Jonathan Oxer

Jonathan Oxer
Fig 1. Jonathan Oxer

I’m author of How To Build A Website And Stay Sane (Oft Press, 2004), Ubuntu Hacks (O’Reilly, 2006), and Quickstart Guide to Google AdWords (Lulu Press, 2008). I also write occasionally for a variety of newspapers and magazines including The Age and Sydney Morning Herald, and my articles have been translated into French, Brazilian Portuguese, Italian, Norwegian, and Spanish and appeared in dozens of publications.

I’m one of the few people in the world to have been surgically implanted with an RFID chip, which I’m using to experiment with technical issues such as authentication techniques and exploits as well as philosophical issues related to privacy and identity.

I’m also Founder and Technical Director of Internet Vision Technologies.

Commencing trading in 1994 as Mission Internet, IVT was one of the first businesses in the world to focus on managing dynamic website content using databases. It was also one of the first companies ever to do real-time event coverage via the Internet when I ran a live feed from the floor of the national Bicycle Industry Trade Show in Sydney, Australia in 1995. IVT has since developed hundreds of websites, intranets, extranets and custom web applications for clients ranging from backyard businesses to multinational corporations.

I have been a Debian GNU/Linux developer since 2002, and have convened the Debian Miniconf in a different city every year since 2003. I have presented more than 70 tutorials, papers and keynotes on various technology and business topics at both corporate and government seminars and at conferences around the world including LinuxTag,, Open Source Developers Conference, and Debian Miniconf, and at usergroups including Melbourne PHP User Group (of which I am a past committee member) and Linux Users Victoria. I have also appeared on a number of top-rated television shows including Sunrise with Kochie and Mel, been the butt of Paul McDermott’s jokes on Good News Week, and done dozens of radio interviews in Australia, New Zealand, and the UK.

I previously sat on the Advisory Group of Swinburne University’s Centre for Collaborative Business Innovation, responsible for researching and formulating IT-related post-graduate curriculum strategies, and on the Australian Federal government’s e-Research Coordinating Committee Reference Group. I also spent three years as President of Linux Australia, the national organisation for Linux users and developers and one of the largest FOSS organisations in the world.

In late 2008 I was Technical Supervisor for the first season of The Phone, a reality-TV show produced by Beyond Productions for Fox-8. I designed and built custom hardware and software used by show contestants.

I live in Melbourne, Australia with my wife, daughter and son, and you can contact me on


The Maker Revolution/Movement PDF

Abstract – “LOGICS” – By Colin Kline

A link to the paper can be found here.

This presentation aims to be a super-condensed summarial survey of :
Boolean Logic, Fuzzy Logic, Probability Logic, Pascalian Logic, Deduction, Induction, Hypothesis selection.

It will be assumed most of the audience will have undertaken secondary schooling to at least Y12 level, and that some may have had tertiary schooling, including a little of: psychology, science, maths, physics, statistics. Or instead, be well read citizens.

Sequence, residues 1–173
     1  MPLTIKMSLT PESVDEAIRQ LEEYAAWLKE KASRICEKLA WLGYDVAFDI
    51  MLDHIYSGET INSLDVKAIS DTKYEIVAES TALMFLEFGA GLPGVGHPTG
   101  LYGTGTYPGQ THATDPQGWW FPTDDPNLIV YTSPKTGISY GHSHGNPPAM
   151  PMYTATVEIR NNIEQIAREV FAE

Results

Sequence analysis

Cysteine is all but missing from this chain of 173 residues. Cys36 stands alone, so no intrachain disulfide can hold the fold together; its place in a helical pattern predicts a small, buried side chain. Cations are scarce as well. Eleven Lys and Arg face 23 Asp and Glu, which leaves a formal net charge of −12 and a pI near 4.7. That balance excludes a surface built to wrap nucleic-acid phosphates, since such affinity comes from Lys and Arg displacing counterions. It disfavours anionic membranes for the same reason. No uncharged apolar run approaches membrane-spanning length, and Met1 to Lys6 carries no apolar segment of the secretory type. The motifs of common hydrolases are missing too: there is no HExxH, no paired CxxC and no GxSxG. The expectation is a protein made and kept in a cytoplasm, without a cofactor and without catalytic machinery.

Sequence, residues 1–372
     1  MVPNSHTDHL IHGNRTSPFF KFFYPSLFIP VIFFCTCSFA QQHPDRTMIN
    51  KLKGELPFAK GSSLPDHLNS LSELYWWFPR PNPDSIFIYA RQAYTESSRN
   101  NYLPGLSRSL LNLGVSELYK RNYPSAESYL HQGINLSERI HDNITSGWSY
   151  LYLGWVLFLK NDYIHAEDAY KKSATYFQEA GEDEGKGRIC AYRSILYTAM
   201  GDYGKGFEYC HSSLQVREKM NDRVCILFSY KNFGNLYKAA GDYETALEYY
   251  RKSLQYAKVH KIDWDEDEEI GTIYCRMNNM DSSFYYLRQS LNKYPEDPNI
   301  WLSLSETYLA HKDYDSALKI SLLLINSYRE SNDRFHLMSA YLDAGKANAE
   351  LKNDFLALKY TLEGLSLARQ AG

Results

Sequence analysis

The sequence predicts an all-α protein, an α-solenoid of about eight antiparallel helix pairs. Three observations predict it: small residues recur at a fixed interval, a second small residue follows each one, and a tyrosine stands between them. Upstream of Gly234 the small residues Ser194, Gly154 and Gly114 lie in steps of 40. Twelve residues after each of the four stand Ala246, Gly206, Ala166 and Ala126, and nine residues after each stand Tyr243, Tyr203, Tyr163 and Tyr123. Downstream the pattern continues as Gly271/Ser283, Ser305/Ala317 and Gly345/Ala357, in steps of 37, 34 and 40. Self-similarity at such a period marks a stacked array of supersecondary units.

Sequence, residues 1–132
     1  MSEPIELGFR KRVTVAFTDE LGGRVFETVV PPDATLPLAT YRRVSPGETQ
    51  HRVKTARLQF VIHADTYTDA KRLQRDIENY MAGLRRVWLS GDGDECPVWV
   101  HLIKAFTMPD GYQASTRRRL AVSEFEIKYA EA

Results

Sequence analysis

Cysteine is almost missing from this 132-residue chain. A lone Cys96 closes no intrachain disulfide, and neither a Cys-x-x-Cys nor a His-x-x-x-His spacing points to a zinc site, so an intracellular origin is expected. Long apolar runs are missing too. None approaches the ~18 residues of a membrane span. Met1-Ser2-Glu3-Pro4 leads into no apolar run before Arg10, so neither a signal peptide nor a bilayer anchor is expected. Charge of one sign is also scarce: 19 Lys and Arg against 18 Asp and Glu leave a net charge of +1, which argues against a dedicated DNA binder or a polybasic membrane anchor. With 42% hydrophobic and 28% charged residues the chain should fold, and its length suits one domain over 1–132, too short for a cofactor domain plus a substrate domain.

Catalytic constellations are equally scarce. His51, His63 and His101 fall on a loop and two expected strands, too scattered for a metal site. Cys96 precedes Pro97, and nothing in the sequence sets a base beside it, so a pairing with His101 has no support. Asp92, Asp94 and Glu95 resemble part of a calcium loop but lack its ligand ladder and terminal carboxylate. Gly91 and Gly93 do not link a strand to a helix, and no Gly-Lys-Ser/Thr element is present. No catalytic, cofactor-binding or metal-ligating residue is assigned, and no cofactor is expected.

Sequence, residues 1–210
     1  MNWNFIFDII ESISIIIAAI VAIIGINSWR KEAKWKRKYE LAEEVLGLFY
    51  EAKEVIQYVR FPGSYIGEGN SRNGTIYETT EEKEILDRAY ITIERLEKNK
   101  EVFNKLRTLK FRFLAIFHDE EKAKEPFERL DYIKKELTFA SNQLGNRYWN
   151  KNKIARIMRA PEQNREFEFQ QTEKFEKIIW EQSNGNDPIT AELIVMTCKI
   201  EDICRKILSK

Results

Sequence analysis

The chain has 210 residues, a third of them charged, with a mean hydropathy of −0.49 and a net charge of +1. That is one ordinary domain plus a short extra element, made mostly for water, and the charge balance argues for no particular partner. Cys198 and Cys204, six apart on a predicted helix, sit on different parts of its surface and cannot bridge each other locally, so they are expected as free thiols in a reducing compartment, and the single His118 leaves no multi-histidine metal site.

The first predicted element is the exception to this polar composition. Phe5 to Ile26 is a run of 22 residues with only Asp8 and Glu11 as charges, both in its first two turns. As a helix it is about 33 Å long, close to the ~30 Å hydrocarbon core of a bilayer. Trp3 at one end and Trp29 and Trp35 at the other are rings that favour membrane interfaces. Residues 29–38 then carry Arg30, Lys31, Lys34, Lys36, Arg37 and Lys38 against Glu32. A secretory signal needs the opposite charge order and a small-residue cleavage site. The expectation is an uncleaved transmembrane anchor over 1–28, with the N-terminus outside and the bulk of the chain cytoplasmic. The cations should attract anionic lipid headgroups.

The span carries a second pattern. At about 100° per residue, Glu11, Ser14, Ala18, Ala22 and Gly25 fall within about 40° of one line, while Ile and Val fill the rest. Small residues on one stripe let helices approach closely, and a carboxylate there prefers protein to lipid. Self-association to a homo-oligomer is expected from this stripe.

In any of these cases, the audience will at least know the word, “Logic”, and hopefully have met Boolean Logic (using Yes / No, True / False), together with varieties of the 3part Syllogism, and those contradictions that are to be avoided.

But how many of this audience knows that there exist many other kinds of logic, each of them with their respective merits, each of them applicable (or not applicable) in various kinds of situations ?

Colin Kline’s Bio

Colin Kline

Biography for Colin KLINE

Retired since 1997.

C.E.O. of Elektronikline (Electronic Design and Fabrication);

Occasional Lecturer & Tutor at : UoM, UoB, since retirement;

40 years as academic (various Universities) in :

Electrical Engineering, Electronic Engineering, Communication Engineering, Software Engineering and
… 18 yrs delivering modules titled “Artificial Intelligence” to 4th year Engg undergrads;

2 years lecturer at Swinburne Uni, Electrical Engineering and Electronics; tutor in Maths;

3 yrs Secondary Maths & Science teacher;

2 yrs Industry – Cable Industry & Welding Industry;

6 months (accumulated) intern positions, Nuclear Research & Development (Lucas Heights, NSW);

3 months as petrol pump jockey at Malvern, SE4;

1 year as storeman at Nylex products, Frankston;

Youth was delightfully wasted as a :
– Huckleberry Finn avatar, and
– Julius Sumner MILLER devotee.

H+ Conf @ Parsons (OS)

April 12, 2011 (New York, NY) – Humanity+, the world’s leading nonprofit organization advocating the ethical use of technology to expand human capabilities, today announced its first conference in partnership with Parsons The New School for Design, a leading art and design school in New York City dedicated to the advancement of design thinking and education. Transhumanism Meets Design explores the role of design in transcending and transforming human potential, and will take place at The New School May 14–15, 2011. This groundbreaking conference features lectures and panels that bring together and explore the nexus of emerging technology, transdisciplinary design, culture, media theory, and biotechnology.

Transhumanism aims to elevant the human condition. Design is a process for problem solving. At Transhumanism Meets Design, these two domains will join forces as leading transhumanists, cyberneticists, life extensionists, singularity advocates, artificial intelligence experts, human enhancement specialists, inventors, ethicists, and philosophers gather to explore human futures, ask questions, construct ideas, and peer over the edge into the unknown.